5. wonderful post, Denny xx


  6. Yes Katyboo, love from Australia

  7. Another great posting. For my ‘little’ effort today I helped a RepairIt session at the Local Matters in Tavistock. Very surprised and pleased to find people bringing in every thing from vacuum cleaners to computers and printers as well as kitchen timers and table lamps. Things not usually repaired but often thrown away for the sake a loose wire, blown fuse or flat batteries but still with useful life. It saves someone some cash and the environement from more rubbish.

  8. Wow Katy, you’re on fire at the moment!
    Uplifting and inspiring.

    Changing the world happens one small step at a time by many, many people. Good for you for taking some of those steps.

  9. I know this poem has religious connotations that you may not agree with, but I think it is also a rallying call for us all who are appalled by what we see going on around us:
    Don’t leave your broken heart at the door;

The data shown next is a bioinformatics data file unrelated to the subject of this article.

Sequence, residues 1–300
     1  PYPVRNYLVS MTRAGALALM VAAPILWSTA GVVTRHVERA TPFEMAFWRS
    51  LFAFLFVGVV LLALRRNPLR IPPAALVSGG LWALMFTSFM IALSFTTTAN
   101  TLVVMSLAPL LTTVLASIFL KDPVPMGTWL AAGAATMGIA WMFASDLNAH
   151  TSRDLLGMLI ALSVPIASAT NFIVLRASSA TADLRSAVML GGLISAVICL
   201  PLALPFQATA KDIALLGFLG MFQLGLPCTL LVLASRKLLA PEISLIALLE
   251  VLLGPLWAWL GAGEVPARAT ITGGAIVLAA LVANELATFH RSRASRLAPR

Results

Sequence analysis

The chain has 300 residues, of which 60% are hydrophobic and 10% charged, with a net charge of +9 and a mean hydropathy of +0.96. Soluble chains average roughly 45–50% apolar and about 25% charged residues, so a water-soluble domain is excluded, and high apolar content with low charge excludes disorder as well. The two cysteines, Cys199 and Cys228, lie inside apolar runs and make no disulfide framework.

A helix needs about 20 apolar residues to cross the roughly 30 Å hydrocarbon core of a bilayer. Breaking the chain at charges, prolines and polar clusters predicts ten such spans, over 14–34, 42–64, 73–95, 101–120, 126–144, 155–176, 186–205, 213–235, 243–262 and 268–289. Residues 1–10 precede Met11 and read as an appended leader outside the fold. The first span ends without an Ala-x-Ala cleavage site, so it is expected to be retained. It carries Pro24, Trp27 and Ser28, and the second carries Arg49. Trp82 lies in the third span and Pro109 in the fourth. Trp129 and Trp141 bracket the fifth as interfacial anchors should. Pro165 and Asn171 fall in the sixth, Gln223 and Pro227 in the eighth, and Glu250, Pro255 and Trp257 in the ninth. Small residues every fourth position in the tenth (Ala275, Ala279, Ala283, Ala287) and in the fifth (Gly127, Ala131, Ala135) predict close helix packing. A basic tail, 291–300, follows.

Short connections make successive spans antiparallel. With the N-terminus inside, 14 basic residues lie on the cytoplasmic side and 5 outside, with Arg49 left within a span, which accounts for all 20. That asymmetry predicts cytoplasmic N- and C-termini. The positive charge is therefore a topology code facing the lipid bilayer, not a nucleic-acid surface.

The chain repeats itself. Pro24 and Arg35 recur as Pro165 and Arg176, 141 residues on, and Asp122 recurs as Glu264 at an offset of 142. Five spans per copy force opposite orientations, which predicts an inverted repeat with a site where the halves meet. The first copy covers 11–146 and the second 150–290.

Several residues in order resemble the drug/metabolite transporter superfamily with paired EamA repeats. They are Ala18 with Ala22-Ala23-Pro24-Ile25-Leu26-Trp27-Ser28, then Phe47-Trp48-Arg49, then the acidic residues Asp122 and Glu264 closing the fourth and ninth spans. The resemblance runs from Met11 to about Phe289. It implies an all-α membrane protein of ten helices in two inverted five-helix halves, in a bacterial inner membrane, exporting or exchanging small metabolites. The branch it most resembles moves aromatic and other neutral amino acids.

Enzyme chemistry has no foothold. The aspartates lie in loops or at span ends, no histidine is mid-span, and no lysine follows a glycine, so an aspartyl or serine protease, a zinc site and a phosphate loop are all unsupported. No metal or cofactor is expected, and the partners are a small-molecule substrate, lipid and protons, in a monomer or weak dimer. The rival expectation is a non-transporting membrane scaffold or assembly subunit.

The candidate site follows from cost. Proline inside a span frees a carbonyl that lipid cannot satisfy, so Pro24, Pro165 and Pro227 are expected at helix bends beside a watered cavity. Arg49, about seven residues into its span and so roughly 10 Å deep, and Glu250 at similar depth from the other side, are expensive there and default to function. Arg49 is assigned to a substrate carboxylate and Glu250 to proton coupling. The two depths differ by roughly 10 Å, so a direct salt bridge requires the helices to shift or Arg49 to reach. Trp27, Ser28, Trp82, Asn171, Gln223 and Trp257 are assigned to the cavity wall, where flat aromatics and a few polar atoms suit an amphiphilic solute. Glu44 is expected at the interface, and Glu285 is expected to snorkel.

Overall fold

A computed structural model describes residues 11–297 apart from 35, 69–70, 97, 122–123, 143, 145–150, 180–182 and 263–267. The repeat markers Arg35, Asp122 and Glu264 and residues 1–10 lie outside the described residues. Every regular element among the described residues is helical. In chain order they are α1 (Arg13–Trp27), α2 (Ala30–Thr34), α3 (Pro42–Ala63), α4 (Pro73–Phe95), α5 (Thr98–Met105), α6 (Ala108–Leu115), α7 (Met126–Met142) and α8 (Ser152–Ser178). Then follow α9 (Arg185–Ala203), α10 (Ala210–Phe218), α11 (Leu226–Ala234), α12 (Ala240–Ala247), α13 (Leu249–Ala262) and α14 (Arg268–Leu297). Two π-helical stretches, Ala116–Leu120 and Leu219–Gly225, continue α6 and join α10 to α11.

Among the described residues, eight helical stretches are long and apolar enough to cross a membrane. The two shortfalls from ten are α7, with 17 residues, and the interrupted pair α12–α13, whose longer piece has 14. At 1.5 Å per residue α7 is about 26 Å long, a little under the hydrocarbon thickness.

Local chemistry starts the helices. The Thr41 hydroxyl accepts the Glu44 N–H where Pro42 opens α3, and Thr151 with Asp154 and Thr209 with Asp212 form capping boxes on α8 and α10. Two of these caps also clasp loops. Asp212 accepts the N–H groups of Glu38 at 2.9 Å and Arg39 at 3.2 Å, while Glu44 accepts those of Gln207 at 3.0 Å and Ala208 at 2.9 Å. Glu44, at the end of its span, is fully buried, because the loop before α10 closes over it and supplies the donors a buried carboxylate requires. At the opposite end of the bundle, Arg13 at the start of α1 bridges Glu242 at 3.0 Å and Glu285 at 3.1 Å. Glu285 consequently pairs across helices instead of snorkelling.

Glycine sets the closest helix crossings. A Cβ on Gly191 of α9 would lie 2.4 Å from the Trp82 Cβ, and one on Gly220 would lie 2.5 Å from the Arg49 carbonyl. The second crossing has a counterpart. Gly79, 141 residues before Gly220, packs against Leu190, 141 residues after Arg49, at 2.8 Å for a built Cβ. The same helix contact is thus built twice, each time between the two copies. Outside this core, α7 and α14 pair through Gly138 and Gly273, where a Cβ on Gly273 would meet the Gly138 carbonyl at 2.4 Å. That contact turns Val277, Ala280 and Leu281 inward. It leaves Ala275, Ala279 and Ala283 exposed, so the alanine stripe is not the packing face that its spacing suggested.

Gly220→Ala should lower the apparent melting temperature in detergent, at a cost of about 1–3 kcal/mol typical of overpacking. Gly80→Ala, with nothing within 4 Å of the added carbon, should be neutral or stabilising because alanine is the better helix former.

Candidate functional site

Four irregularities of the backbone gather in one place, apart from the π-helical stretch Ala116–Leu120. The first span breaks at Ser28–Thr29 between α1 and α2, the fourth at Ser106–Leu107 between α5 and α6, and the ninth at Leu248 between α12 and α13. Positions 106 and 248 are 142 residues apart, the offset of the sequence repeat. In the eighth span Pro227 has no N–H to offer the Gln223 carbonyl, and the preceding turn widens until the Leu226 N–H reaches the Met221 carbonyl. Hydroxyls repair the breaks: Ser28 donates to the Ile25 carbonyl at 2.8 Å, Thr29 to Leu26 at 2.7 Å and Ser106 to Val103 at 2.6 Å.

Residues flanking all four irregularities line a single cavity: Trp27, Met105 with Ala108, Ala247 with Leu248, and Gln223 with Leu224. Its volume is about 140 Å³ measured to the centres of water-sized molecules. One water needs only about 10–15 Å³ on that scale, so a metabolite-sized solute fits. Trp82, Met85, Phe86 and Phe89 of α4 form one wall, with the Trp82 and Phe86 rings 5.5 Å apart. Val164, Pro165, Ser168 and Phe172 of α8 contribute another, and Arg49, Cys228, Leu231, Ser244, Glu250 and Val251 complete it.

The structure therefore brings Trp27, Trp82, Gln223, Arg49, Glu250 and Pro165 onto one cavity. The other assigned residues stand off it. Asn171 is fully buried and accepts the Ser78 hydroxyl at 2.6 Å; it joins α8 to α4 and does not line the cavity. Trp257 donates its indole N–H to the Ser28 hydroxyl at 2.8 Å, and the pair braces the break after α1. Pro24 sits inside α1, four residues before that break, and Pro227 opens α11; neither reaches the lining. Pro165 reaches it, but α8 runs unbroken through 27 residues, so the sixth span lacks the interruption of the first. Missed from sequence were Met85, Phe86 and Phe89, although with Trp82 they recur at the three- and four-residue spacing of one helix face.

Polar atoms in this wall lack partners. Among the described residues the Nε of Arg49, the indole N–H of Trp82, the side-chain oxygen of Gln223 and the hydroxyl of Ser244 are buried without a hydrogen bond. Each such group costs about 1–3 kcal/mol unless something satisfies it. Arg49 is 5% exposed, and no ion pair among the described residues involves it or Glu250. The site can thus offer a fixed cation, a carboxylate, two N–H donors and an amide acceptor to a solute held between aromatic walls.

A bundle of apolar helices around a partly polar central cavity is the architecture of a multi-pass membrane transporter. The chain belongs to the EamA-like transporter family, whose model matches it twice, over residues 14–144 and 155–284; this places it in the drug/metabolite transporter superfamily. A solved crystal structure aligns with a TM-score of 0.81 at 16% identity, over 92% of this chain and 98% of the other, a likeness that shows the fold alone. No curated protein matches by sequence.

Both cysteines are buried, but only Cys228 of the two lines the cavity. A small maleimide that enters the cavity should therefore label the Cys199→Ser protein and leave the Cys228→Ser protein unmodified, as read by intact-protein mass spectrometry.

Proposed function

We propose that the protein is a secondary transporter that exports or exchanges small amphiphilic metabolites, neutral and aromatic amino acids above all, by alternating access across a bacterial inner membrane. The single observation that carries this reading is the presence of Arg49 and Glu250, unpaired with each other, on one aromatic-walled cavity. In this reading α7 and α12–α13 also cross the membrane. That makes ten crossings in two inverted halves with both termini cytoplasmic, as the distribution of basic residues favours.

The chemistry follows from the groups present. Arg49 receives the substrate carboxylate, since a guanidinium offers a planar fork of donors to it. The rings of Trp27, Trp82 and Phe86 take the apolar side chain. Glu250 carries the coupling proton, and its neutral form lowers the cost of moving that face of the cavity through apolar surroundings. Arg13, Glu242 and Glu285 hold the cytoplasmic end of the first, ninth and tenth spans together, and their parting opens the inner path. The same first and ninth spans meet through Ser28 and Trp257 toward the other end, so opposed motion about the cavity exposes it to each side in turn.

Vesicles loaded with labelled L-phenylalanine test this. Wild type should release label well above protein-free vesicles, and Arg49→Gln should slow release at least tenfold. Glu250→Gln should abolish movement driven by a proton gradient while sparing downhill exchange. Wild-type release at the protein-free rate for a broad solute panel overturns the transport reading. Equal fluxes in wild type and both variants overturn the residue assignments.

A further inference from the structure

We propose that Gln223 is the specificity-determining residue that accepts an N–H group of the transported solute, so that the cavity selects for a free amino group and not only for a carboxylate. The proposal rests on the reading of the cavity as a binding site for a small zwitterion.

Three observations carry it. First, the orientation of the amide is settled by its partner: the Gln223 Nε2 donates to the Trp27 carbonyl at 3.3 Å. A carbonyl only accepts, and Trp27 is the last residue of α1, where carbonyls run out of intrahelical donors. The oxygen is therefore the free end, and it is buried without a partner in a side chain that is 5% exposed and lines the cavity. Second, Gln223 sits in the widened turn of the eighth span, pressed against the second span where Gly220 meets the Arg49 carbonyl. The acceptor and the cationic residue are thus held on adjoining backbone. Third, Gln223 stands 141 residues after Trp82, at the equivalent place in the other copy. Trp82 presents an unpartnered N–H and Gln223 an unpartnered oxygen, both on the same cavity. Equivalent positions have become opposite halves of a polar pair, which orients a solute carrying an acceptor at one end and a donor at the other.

Bring it to the altar of life.
    Don’t leave your anger behind;
    It has high standards
    And the world needs vision.
    Bring them with you,
    And your joy
    And your passion.
    Bring your loving,
    And your courage
    And your conviction.
    Bring your need for healing,
    And your power to heal.
    There is work to do
    And you have all you need to do it
    Right here in this room. – Angela Herrera

    We need to be ready to do what we can, where we are, to bring peace and healing to this broken world. Thank you for your wise and stirring words. You always make me believe that there is stuff that I can do.